***

 

Elle repose là juste à la sortie 3 de la station de métro Nation, sur la droite où vous voyez un petit kiosque, sur une des marches à moitié abritées de la pluie parisienne.

Comme négligemment déposée pour être reprise plus tard, cette paire de chaussures a attrapé mon regard car elle est presque exactement semblable à celle que j’ai aux pieds en ce moment – et que je regrette bien d’ailleurs car elles ont vite fait d’être trempées et je sais qu’à la fin de la journée j’aurai les pieds froids et humides.

L’une se tient un peu tordue, l’autre couchée sur le côté. Toutes deux ont le cuir bien délavé et sali de poussière sans que ce ne soit de la boue. Je tourne mon regard, cherchant un-e propriétaire alentour, une femme, un homme, un-e adolescente qui aurait trouvé refuge dans cet abri. Il est vide, semble abandonné.

Qui a pu laisser ces chaussures ici ? Comment cela est-il arrivé ? Des images violentes, de bagarres, de corps trop imbibés d’alcool, me viennent en tête. De solitude aussi. Est-ce que ces chaussures, aujourd’hui, manquent à quelqu’un ?

Mais peut être au contraire feront-elles le bonheur misérable d’un-e passant-e aux basques trouées, noyées, enrhumées.

Alors comme tout un-e chacun-e je passe mon chemin, cela ne me regarde pas de toute façon, des chaussures j’en ai aux pieds et à la maison.

Au retour je ne jetterai pas même un regard pour savoir si elles sont toujours là, trainant sur cette marche grise près de la sortie 3, place de la Nation.

My neighbor gave me this pair of military surplus boots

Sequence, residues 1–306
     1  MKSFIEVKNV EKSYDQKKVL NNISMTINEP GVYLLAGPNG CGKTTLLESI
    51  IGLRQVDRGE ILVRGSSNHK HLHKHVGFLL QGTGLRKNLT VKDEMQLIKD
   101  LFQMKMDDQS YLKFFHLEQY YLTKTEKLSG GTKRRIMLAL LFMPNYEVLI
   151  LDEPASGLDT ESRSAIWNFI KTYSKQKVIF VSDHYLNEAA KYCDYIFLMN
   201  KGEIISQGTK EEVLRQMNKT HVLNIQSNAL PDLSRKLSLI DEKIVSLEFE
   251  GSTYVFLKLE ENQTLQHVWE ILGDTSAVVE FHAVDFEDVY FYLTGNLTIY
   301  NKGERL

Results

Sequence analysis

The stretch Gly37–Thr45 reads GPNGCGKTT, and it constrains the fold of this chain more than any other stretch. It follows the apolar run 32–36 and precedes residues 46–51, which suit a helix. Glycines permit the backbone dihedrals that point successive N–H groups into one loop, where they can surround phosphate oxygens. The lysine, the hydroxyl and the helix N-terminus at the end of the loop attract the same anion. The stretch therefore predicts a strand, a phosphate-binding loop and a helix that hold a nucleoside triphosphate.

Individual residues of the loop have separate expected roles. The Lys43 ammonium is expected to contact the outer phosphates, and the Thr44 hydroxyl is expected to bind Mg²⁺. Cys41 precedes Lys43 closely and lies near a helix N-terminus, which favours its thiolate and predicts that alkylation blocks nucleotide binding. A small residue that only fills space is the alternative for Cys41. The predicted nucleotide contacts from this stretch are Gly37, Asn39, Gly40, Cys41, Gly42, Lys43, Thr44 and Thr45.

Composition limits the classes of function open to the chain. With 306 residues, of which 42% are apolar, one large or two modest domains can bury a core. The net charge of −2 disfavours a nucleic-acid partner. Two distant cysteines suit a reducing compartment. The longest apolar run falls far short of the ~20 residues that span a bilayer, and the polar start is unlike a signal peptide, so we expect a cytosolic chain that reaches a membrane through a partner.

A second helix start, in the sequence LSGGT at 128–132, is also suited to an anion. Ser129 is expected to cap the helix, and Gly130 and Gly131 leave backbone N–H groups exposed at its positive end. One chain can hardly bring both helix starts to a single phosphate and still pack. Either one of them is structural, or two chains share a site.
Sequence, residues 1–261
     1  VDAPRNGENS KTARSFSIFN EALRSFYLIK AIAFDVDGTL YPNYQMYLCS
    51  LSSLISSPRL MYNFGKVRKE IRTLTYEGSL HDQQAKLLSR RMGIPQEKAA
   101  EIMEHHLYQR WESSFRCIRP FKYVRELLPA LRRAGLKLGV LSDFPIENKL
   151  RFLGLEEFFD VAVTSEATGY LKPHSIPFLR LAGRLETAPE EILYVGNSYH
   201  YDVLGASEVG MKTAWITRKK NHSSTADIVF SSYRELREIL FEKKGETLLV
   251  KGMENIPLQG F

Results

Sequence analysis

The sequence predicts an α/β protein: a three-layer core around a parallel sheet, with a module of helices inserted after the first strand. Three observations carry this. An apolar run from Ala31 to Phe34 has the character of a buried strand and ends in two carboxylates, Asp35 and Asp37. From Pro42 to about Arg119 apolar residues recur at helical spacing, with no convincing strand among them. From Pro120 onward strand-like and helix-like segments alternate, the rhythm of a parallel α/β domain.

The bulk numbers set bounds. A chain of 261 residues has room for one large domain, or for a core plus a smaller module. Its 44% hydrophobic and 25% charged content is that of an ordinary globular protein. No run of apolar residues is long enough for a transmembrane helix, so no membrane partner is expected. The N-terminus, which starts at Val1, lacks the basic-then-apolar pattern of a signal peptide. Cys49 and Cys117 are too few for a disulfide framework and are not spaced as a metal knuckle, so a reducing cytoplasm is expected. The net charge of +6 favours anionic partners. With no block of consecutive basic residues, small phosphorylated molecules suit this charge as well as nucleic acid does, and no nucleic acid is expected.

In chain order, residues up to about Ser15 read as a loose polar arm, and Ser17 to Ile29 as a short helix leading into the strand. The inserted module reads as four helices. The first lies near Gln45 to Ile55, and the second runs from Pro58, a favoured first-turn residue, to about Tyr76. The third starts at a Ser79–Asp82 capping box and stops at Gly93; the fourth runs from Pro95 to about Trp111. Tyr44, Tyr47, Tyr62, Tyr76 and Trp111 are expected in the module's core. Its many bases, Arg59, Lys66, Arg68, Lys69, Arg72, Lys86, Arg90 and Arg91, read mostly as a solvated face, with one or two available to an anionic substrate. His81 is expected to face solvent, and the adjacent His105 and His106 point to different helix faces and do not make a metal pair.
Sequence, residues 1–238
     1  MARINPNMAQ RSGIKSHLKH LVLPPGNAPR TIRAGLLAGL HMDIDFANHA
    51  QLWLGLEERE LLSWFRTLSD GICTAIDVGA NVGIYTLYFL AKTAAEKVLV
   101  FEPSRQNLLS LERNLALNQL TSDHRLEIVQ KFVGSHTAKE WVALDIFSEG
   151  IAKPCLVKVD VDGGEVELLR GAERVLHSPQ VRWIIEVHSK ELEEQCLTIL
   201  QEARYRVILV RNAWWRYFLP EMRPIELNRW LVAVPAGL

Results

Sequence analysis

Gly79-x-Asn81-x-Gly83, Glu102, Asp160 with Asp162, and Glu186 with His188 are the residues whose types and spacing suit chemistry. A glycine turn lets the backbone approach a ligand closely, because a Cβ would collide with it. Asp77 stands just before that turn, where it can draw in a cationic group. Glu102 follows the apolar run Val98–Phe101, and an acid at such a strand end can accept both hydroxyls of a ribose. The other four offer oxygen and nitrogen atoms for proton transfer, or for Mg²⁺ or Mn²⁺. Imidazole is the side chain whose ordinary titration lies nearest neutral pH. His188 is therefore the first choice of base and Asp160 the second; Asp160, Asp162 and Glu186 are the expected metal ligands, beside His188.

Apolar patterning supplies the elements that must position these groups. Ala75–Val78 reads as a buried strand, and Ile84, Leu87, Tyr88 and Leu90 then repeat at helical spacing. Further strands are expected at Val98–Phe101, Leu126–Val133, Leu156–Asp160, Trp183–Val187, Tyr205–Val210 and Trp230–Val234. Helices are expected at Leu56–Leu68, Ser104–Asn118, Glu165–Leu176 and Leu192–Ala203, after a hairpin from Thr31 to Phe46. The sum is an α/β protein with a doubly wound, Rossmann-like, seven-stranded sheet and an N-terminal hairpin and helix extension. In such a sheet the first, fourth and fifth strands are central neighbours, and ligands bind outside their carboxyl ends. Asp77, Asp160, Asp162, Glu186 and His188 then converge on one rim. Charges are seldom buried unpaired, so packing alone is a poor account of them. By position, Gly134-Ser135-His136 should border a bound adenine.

My neighbor gave me this pair of military surplus boots, and when I wear them out people often ask me if I was in the marines or military. People sometimes wear military surplus for it’s practicality, most often. Sometimes as a political statement in the form of clothing. Military surplus is some of the best quality clothing I’ve worn. It’s interesting , in the u.s where innumerable people are suffering the effects of our state’s bloated military budget, how the material of the military enters everyday life, in the form of boots, pants, jackets, outerwear.
I wear these shoes and consider how many people worldwide suffer immense trauma at the sight of american soldiers, in afghanistan, in Korea and Vietnam, in every nation this country has invaded or declared war upon. I walk in these shoes and think how triggering it must be to see u.s. military clothing & uniforms after troops in those uniforms destroy homes and commit violent atrocities. Yet i don elements of this costume for practicality, in the land where this is the costume of heroes. In amerikkka patriotism is enforced through statues and images of « heroic » american soldiers. I wear these shoes and consider how the dynamics of war are such that this is the costume of heroes in america yet a spectre of destruction for those suffering under u.s. occupation. while i don’t say this to speak for folks in that position, or project my ideas onto their experience. curtailing the truth victims of war suffer is itself a tool of propaganda and dehumanizing. my intent is to learn how people are effected, to listen and fill in the gaps left by my incomplete understanding . It’s vital that i listen, understand, support, and act in solidarity with those targeted in u.s. wars. I wear these shoes to carry me far from the footsteps they may have carried another, someone with fewer options than me who joins the military to escape poverty, their dead end small town or which ever iteration of related positions. I wear them with love in my heart and intent to act in solidarity with all victims of war- the young people drafted into a poor man’s army, civilians caught in the crossfire, families. With each step in these shoes striving to walk close with humanity in a world where it appears in jeapordy, sometimes, at worst a dim flicker. Yet it’s a fire that blazes within all who love and dream and know humanity is stronger than this. we kindle these fires with empathy. When we « walk in eachothers’ shoes » we learn to walk close with humanity.